I, Elisabeth, have a lot of passion for facilitation and I have recently decided that I would like to offer support to people who facilitate Peer Support groups for people who hear voices and have other sensory experiences. See more here
So I wanted to share some reflections on my relationship with facilitation.
To facilitate means to make something possible or easier. I think we can facilitate stuff all day long if we want to and the list of things we can facilitate is probably endless.
We can facilitate love, communication, curiosity, openness, laughter, emotional expression and anything else we believe is a meaningful part of daily life.
Facilitating something doesn’t mean that it necessarily happens or happens in the way or at the pace I might hope or expect – I see it as opening or clearing a space, collecting ingredients I think could make something happen or nurturing the soil in which I have planted seeds.
It is about sitting in the space where I set my intention and dedicate myself while also staying open to the uncertainty of any process.
For me the most important thing in facilitation is that it happens from within and that I bring myself to the situation. I try not to be a teacher, an expert or an authority. I am not there to educate or lead. I am there to make something possible, to try and be part of making whatever is going to happen, happen with more ease. Even painful stuff…
Ironically, this is not easy. Not for me anyway – but it is worthwhile.
For me it is an ongoing practice and very much learning by doing. Which is quite scary at times.
Nowadays facilitation has become something we associate with running groups or meetings. And there are a lot of books, tools and models that look at the best way to facilitate a meeting and which skills can be useful to develop.
I am not a naturally sociable person and in some ways it seems paradoxical that I have developed a passion for communication and facilitation.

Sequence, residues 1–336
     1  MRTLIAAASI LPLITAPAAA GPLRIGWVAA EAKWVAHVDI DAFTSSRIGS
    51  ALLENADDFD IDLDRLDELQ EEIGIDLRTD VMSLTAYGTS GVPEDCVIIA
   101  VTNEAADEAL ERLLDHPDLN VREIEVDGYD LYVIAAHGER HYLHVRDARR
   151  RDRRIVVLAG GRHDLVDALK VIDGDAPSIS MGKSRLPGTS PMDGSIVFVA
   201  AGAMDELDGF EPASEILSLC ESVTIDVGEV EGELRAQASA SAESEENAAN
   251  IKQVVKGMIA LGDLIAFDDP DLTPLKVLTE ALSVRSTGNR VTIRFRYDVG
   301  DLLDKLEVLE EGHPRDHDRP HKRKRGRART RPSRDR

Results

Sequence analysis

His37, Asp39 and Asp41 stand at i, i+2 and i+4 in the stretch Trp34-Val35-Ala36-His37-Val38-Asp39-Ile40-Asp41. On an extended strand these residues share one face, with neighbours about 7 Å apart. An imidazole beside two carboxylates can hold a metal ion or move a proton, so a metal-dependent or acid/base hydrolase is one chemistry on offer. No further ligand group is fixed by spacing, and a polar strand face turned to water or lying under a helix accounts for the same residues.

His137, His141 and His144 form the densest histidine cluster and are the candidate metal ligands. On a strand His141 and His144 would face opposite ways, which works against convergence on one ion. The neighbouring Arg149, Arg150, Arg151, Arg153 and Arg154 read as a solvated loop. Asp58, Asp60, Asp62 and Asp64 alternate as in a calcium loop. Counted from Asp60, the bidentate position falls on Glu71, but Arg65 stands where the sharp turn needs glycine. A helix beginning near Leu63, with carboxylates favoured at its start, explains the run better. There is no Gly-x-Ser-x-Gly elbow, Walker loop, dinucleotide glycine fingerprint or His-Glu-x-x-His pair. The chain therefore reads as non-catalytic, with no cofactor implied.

But I think the passion comes from the struggle. All the hard work I have had to put in to understand and navigate communication between myself and others. I have memories from childhood spending a lot of time going over conversations and interactions I had either been part of or witnessed and trying to understand what was going on – both on a mental level but just as much on an emotional and energetic level as these would often feel more real to me that words that were spoken.
Later when I was in my 20’ies I did a lot of work learning to be part of a group – a Hearing Voices group as it happens. I was terrified of groups and it took a long time for me to figure out how to make it work for me. To feel safe, to feel able to express myself and to feel able to listen. To witness what happened in the group without blaming myself for everything. And also to not get overwhelmed by group dynamics or things that people brought to the group and just quit.
Doing that work had amazing rewards I couldn’t have imagined. I ended up spending 8 years attending this Hearing Voices group and in that space I learned so much. I witnessed the magical journeys of my fellow group members and I made friends that hold a very special place in my heart and in my life story. It also helped me develop the confidence to organise and deliver training. Being able to be part of a group made a lot of other things possible for me.
I still find that communication, groups and social activities are a lot of hard – and very conscious – work for me. I have to do a lot of processing and debriefing after engaging with other people. Even writing texts or emails can feel a bit daunting and there are days where I have to avoid it because I don’t have the headspace to navigate communication.
And yet trying to make something possible together with other people is deeply satisfying for me.
To end this blog I thought I would share some of the things that I find helpful to explore, nurture and keep alive within me in this work
- connection to my breath and my heart beat
- holding things lightly
- honouring diversity
- being with pain
- not knowing